In spite of the storm, the 7:30 evening service at the Universalist church was well attended. The weather by then was much more comfortable than it had been in the morning. According to the next day’s newspaper, the temperature in Peoria had dropped from 91 degrees to 71 degrees between 2:00 and 3:00 in the afternoon.

These events remind us that we should always be prepared for weather emergencies, at church and everywhere else, especially during tornado season. Be safe!

Friday, May 22, 2009

A Blogging Hiatus ... For Now

So why there haven't been any posts on this blog for awhile? Well, mainly it's because I need to spend as much time as possible working on the new, updated church history book. It's coming along well, and I look forward to announcing its publication sometime later this year.

After the history book is published, the blog will start up again. It will serve as a way to share not only personal stories, but also tidbits that we didn't have room for in the history book, plus all the new discoveries that will inevitably follow. Until then, please enjoy the previous posts, and feel free to add comments.


Wednesday, May 14, 2008

The “Bradley Memorial” Name

History is a tricky thing. There are so many things we’d like to know, but don’t have information about. And sometimes historical “facts” turn out to be things we thought we knew, but now aren’t so sure about.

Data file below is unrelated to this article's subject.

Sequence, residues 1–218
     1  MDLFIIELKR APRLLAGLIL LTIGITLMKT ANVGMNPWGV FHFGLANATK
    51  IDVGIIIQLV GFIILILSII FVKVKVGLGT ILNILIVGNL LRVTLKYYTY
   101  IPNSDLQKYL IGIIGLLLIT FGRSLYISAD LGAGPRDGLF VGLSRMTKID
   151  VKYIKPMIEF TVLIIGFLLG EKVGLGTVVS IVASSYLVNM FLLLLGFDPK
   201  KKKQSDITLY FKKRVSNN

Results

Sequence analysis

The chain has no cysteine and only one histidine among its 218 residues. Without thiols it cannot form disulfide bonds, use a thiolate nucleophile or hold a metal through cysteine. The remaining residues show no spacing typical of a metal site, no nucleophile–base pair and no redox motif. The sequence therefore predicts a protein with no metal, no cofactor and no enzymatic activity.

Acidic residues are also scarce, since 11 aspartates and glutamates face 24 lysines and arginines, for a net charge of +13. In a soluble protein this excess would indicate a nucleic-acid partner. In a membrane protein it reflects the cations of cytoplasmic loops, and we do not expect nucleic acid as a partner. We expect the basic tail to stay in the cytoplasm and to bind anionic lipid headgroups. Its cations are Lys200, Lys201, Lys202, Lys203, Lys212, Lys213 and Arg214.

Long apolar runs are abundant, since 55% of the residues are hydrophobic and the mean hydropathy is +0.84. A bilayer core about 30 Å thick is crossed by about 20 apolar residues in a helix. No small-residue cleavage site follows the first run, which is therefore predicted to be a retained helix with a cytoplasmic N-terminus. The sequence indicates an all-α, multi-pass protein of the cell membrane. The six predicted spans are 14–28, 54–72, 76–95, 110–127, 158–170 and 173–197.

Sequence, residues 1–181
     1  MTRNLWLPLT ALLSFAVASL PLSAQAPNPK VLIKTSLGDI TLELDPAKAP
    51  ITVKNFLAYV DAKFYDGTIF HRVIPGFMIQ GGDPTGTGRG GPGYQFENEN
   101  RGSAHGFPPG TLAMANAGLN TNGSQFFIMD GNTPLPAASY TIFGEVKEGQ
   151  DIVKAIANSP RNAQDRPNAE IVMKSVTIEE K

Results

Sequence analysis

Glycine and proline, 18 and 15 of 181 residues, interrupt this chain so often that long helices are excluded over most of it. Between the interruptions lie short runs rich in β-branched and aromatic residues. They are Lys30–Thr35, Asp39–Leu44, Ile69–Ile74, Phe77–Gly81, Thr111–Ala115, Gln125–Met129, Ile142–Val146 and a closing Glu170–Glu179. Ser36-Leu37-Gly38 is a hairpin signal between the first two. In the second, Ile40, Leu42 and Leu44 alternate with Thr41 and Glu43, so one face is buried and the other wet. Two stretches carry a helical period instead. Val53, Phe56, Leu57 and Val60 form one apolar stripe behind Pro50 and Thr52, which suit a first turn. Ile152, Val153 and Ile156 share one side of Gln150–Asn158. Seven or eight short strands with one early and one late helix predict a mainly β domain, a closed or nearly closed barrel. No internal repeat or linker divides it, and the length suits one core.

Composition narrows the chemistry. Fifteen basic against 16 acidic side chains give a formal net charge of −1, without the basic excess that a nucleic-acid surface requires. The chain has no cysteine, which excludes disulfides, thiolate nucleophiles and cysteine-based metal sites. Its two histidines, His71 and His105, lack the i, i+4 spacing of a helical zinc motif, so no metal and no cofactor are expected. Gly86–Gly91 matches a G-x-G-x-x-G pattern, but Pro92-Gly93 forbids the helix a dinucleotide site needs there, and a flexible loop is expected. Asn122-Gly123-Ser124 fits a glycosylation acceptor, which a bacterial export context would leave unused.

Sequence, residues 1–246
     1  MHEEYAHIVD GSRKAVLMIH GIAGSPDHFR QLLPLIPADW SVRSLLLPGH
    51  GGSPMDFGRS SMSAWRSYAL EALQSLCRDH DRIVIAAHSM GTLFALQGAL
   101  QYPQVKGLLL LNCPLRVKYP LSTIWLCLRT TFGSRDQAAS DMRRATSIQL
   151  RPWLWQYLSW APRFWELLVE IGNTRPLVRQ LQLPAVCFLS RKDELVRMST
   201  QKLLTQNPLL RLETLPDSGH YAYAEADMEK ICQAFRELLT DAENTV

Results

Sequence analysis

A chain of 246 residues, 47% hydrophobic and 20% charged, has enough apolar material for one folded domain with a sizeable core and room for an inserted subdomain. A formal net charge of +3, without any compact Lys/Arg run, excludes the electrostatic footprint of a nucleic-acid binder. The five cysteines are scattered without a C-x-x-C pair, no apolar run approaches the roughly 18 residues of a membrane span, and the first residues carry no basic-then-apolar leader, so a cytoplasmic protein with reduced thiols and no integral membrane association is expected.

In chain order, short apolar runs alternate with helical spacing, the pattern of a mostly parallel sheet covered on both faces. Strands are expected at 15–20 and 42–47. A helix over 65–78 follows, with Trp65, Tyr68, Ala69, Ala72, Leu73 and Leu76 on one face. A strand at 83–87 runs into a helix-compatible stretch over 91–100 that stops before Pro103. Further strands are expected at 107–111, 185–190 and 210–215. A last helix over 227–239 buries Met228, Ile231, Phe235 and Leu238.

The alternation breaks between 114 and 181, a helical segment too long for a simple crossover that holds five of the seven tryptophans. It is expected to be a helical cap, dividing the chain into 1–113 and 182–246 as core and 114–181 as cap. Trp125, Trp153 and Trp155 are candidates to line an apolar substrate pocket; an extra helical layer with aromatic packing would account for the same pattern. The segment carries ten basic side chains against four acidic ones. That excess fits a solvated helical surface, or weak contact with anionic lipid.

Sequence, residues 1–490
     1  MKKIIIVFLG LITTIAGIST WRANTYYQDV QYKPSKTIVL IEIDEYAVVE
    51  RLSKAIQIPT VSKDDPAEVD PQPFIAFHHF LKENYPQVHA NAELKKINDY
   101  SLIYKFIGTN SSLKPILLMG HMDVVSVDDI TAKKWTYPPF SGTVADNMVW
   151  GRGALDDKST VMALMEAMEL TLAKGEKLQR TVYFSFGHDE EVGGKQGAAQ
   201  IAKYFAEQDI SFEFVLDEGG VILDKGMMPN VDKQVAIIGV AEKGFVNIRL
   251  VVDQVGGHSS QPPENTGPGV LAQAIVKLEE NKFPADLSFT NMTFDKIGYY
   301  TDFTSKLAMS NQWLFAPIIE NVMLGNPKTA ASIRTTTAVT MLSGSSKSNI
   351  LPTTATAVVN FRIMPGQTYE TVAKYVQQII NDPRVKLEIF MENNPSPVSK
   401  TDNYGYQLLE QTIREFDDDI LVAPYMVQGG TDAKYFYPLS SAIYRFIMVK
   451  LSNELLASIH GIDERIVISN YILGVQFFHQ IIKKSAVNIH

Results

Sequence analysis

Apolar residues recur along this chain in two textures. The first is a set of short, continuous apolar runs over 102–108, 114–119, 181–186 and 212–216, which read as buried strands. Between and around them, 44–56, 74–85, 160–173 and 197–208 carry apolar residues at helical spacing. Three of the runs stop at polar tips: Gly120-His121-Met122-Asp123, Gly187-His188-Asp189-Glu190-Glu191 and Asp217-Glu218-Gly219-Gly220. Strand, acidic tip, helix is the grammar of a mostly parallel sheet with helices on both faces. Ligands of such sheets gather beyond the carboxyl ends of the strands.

Case in point: We know that for a time, our church went by the name “Bradley Memorial.” This name was adopted in memory of Tobias S. Bradley, a prominent member of the church who died in 1867. His widow, Lydia Moss Bradley—also a member of our church—went on to become a businesswoman, philanthropist, and founder of Bradley University.

We thought we knew that the name change to “Bradley Memorial” took place in 1886. After all, it says so in the first published history of our church, written in 1926. And it says so in a handwritten church history found in one of our oldest surviving record books: “On the 19th of May 1886 at a regular Parish meeting it was decided to change the name of the Church to ‘Bradley Memorial’ First Universalist Church.” That history was apparently written around 1900.

A history of Peoria county published in 1902 seems to agree. It mentions the United States General Convention of Universalists held in Peoria in October, 1885, and says that the name of the church was changed to Bradley Memorial “soon after.” So we all agree it was in 1886, right?

However, on the day of our 165th anniversary dinner, an astute observer pointed out that the cover of the program featured a church document dated 1875, which plainly says “Bradley Memorial - First Universalist Church.”

Further investigation has revealed several other instances of the “Bradley Memorial” name being used prior to 1886. These include an 1885 entry in a church record book, the “Thanksgiving Newspaper” published by the ladies of the church in 1882, and a history of Peoria County published in 1880.

So just when was the name changed? And why do so many sources say it was in 1886? I don’t have definitive answers, but I’ll share some thoughts in a future post. In the meantime, feel free to share your comments.